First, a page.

Less than half of 233 superannuation advice files reviewed by the corporate watchdog demonstrated full compliance with best interest duty and related obligations, according to a new report.
While only 49 per cent of files demonstrated full compliance, 15 per cent of files not only failed to meet best interest duty but indicated the member was at risk of suffering detriment as a result of following the advice provided, the ASIC study found.
ASIC Report 639, Financial advice by superannuation funds, was conducted by the regulator to ascertain “the ways in which financial advice is provided to members”. Twenty-five funds were surveyed – 11 retail funds, 10 industry funds, two corporate funds and two public sector funds – but only 21 of these provided personal advice, which the study focussed on.
The primary reasons for non-compliance, ASIC said, were two-fold; the advice provider either failed to identify the subject matter of the advice and the members objectives, financial situation and needs, or they failed to conduct a reasonable investigation into the financial products and base their judgments on the member’s circumstances.
Despite the findings, the regulator put a positive spin on the study, saying in a release the overall quality of personal advice provided to members was “generally appropriate”.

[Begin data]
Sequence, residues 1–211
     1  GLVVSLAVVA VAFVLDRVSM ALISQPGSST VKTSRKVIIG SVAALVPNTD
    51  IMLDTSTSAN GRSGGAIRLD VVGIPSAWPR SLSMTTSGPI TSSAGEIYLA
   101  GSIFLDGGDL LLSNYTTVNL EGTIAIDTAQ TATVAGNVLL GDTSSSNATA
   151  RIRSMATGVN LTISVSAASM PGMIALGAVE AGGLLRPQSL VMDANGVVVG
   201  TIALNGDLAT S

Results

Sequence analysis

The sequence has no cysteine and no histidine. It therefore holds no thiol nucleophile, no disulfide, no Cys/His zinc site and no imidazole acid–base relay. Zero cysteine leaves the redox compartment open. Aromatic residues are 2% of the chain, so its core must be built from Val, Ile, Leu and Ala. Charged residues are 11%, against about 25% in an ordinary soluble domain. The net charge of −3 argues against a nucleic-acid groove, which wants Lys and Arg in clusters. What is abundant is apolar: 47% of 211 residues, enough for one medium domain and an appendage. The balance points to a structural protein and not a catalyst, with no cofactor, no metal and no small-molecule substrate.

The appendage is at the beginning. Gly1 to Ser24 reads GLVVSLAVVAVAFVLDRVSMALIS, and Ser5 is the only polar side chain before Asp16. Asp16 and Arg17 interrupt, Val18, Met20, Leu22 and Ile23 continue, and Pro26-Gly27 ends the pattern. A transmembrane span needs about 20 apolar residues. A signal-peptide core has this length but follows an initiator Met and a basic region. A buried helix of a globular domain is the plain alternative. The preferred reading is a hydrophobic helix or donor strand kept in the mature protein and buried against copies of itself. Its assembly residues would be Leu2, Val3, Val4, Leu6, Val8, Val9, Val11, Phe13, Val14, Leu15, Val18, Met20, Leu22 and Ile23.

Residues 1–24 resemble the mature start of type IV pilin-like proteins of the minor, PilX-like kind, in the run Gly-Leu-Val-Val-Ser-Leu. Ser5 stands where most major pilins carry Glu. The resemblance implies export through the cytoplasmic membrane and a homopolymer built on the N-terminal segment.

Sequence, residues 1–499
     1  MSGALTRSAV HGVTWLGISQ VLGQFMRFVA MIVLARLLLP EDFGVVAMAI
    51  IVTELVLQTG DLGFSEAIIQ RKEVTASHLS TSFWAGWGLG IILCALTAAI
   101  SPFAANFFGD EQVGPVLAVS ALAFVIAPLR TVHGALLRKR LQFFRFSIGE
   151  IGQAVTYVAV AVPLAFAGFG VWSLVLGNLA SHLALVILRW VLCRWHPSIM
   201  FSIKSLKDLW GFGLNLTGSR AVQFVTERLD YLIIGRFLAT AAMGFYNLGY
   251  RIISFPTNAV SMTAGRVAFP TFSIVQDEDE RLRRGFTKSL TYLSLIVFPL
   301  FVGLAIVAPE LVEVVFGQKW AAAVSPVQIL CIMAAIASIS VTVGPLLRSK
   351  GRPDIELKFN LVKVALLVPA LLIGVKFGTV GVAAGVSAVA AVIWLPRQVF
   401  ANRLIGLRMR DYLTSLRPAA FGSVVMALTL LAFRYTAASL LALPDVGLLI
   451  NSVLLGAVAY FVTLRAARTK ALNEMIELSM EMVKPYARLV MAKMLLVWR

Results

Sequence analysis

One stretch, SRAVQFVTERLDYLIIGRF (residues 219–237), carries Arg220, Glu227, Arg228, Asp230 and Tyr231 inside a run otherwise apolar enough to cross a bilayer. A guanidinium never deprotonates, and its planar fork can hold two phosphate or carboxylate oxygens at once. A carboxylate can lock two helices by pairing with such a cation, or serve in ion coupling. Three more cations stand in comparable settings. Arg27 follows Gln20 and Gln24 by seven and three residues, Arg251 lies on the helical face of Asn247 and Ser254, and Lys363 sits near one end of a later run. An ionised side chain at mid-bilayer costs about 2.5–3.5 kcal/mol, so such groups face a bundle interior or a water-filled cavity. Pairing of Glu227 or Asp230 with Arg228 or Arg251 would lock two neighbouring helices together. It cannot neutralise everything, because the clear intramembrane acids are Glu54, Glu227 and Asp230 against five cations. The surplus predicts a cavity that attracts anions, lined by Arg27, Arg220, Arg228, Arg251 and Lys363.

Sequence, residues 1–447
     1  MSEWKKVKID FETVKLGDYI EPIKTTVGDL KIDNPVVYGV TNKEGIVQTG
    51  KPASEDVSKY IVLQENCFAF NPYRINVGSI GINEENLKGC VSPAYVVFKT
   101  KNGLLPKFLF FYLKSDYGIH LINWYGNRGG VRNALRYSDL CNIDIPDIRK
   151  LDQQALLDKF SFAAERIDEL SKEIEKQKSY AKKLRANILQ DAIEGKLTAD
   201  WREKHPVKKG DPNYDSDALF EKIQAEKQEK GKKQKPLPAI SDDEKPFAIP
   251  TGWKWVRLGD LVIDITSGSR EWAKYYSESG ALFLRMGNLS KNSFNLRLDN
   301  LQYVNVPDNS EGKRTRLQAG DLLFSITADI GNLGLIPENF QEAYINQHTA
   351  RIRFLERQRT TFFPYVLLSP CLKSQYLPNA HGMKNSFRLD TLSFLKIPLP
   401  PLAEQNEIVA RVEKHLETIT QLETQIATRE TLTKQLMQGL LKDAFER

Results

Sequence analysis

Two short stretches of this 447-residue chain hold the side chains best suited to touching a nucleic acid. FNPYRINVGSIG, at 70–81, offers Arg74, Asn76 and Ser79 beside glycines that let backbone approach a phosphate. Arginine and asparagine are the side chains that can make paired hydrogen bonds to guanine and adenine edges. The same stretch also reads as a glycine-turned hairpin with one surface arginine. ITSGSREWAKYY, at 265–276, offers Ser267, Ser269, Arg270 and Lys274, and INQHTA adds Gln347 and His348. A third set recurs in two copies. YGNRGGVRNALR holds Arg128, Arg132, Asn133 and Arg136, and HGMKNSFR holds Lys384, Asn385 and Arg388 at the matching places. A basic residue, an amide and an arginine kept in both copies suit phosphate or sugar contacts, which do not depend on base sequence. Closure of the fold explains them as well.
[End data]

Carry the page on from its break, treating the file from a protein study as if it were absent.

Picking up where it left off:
ASIC Commissioner Danielle Press said the result was “pleasing to see”, and noted that the regulator would be chasing down the funds whose advice was putting members at risk.
“Where we did see some risk of detriment,” Press continued, “we will be following up with the advice provider and requiring that they review and remediate the affected member.”
“More broadly, proper oversight of advice fee deductions from superannuation accounts for all advice, not just advice provided by superannuation trustees, is an area of ongoing focus for ASIC working with APRA,” Press continued.
The study pointed out that not all personal advice was provided by the funds, with some stemming from external referrals.
The study also took pains to quell any comparisons between fund types, noting that the compliance rate for retail, industry, corporate and public sector fund types varied within a “moderate range”.
“Due to the different sample sizes, it is not possible to fairly compare the overall quality of advice based on fund type,” it stated. “As such, our findings are aggregate findings and are not broken down by fund type.”
Press confirmed this in the release, noting that it was “not possible” to compare the overall quality of advice based on the findings.
“I know there will be general interest in whether retail or industry funds provided better quality advice,” she added. “We found the quality of advice to be similar across retail and industry funds.”